2. DON’T leave a field blank: Leaving blanks means you don’t care very much.
  3. DON’T turn the application in late: Other people are vying for this position, too, and those who took the time to consider deadlines will be the folks recruiters consider.
  4. DON’T make spelling and grammar mistakes: Have someone take a look at your application before you send it in. Spelling and grammar missteps show sloppiness and poor attention to detail.
  5. DON’T leave out employment gap explanations: If you took a few years off to travel or volunteer this could actually set you apart in a positive way. Be sure to explain why years exist between jobs (if they do). Recruiters will notice the time disparity.
  6. DON’T forget attachments: Required attachments left unsent will take away from additional information a recruiter can use to compare you to another applicant who attached material to his or her application.
  7. DON’T confuse the reader: Be brief and concise when explaining past employment while highlighting skills that would apply to the job you’re applying for now.
  8. DON’T forget to tailor your application information: Don’t be generic. Be sure the information you provide is relevant to the industry and job you’re applying for.
  9. DON’T apply if you’re obviously overqualified: If it seems you won’t stay and grow with the company (but just want a job for the right now), hiring managers are apt to shy away.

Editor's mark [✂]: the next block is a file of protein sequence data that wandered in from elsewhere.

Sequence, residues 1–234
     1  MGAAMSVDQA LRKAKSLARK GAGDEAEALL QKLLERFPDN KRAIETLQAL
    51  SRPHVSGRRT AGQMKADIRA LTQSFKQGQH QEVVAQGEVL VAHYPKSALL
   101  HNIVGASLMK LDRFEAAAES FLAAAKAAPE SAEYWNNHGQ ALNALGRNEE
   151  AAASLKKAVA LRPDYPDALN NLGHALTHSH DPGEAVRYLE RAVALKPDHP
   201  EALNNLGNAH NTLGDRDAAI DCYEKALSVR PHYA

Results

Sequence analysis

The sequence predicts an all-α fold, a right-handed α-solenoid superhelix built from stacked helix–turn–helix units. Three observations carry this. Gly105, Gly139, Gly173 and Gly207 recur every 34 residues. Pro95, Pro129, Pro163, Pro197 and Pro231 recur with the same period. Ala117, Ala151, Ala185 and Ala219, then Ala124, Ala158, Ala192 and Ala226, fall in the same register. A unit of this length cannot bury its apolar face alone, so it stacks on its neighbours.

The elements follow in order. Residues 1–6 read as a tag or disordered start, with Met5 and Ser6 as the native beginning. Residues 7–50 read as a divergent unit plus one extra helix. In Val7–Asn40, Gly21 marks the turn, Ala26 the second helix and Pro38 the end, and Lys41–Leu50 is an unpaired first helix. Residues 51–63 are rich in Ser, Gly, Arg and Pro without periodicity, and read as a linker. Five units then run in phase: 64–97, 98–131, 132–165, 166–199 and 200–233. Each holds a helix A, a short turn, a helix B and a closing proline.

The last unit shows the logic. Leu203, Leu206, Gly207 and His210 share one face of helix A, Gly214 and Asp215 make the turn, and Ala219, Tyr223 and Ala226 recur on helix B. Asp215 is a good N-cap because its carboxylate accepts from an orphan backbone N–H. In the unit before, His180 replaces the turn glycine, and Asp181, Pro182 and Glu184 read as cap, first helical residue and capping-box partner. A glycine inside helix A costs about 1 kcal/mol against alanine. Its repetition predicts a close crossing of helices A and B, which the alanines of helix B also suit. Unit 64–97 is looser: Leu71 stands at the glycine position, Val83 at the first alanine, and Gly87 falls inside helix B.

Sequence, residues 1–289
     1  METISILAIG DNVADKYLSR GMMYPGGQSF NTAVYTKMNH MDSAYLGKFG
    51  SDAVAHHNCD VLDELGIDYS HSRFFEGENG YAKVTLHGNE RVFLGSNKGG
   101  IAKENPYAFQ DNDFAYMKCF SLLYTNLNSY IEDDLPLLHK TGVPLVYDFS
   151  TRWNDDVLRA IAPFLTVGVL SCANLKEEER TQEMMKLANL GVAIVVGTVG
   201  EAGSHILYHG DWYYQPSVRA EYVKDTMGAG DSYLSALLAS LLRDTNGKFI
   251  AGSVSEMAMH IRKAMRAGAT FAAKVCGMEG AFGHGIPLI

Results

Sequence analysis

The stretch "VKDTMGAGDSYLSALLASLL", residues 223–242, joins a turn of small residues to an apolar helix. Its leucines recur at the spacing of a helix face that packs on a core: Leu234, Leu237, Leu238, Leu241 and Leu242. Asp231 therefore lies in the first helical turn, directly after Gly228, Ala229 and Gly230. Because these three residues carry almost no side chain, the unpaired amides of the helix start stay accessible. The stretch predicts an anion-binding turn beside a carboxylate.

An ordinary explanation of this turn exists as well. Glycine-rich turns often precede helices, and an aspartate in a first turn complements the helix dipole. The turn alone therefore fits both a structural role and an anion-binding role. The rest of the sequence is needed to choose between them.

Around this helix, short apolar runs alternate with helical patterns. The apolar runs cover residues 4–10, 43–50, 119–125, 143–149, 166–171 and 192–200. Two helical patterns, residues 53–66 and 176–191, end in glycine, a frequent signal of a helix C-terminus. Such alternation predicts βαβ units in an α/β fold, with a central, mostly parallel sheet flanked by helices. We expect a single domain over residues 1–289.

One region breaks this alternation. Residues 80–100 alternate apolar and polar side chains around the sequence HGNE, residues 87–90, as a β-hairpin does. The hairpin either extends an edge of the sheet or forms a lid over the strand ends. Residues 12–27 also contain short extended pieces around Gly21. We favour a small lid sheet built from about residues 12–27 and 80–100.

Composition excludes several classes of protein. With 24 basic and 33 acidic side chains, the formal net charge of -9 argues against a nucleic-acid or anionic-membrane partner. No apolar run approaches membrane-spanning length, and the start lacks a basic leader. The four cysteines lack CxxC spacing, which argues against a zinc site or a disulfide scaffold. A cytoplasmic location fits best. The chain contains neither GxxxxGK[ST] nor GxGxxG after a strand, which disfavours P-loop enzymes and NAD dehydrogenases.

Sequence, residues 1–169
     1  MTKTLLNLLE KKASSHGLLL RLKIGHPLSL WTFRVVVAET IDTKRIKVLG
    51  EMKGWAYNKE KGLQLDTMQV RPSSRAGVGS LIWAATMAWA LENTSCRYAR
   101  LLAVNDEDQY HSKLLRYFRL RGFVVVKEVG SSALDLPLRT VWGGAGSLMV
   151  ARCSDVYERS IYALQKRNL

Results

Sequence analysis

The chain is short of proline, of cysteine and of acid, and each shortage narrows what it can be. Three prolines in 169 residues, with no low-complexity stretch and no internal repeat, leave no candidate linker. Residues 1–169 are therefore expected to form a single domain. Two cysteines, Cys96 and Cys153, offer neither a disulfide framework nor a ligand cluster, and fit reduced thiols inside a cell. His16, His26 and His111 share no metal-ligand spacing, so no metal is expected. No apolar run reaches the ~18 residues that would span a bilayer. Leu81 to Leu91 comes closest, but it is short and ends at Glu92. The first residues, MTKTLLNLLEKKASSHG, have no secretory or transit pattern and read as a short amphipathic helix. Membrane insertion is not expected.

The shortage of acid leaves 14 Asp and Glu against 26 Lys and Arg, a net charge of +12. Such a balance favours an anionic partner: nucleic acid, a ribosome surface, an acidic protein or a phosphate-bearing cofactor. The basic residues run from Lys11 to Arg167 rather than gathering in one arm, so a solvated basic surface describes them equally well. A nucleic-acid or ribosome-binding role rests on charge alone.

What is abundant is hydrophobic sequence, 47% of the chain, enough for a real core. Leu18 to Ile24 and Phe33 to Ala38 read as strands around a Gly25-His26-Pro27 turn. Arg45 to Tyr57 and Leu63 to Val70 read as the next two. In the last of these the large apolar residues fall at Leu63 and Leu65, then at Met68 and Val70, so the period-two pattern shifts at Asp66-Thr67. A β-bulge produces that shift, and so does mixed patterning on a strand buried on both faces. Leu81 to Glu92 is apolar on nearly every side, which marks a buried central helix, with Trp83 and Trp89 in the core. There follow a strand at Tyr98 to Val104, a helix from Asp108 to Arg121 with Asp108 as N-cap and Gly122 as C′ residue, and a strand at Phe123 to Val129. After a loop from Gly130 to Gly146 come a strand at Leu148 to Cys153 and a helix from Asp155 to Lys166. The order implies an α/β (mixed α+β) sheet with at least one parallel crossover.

10. DON’T apply if you’re obviously under-qualified: Zero years of experience applying for a senior-level position is a waste of time for both applicant and recruiter.

Other no-nos include: an unprofessional e-mail address, resumes with copied and pasted details from the job description, resumes on decorative paper, and resumes that are either too long or too short.

See the full infographic from Recruiterbox here.

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How to Build Employee Trust with Learning and Development

Jul 24, 2014 Posted by

The problem with employee learning and development is that there is little trust in the relationship between employers and employees. Employers do not want to invest in employee learning only to see people take their new skills somewhere else, and employees hear nothing but empty promises from employers about new training in the works. Yet both parties agree that employee development is important. So, now what?

In the new book The Alliance: Managing Talent in the Networked Age, authors Reid Hoffman (CEO of LinkedIn), Ben Casnocha, and Chris Yeh talk about the broken trust in the employer-employee relationship as it relates specifically to the loyalty and commitment each brings to the relationship. The book offers specific advice on how to repair that relationship by treating the relationship in a different way: as an alliance. 

In both instances, there needs to be a promise to help each other to grow and flourish. In this post, I would like to focus on how employers can think differently about how to use learning and development as a tool to help employees grow and flourish. These learning opportunities could come in many forms, but here are a few ideas for what employers should specifically do to make employees more valuable: